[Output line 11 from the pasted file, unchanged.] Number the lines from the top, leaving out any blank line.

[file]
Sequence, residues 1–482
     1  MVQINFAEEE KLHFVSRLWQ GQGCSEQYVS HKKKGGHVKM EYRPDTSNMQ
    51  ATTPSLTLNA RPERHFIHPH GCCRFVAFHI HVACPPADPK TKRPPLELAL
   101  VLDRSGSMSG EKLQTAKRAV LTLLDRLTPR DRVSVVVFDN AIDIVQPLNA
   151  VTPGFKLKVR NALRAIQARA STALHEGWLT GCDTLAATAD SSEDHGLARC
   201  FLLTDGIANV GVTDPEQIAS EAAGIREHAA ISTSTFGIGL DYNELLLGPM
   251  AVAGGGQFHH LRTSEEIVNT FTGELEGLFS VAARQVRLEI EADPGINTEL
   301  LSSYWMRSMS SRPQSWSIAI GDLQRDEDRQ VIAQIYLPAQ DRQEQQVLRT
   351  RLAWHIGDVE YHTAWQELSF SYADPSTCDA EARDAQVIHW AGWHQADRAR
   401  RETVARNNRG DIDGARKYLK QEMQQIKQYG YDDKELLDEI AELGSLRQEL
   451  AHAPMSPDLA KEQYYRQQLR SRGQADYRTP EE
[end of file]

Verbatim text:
   451  AHAPMSPDLA KEQYYRQQLR SRGQADYRTP EE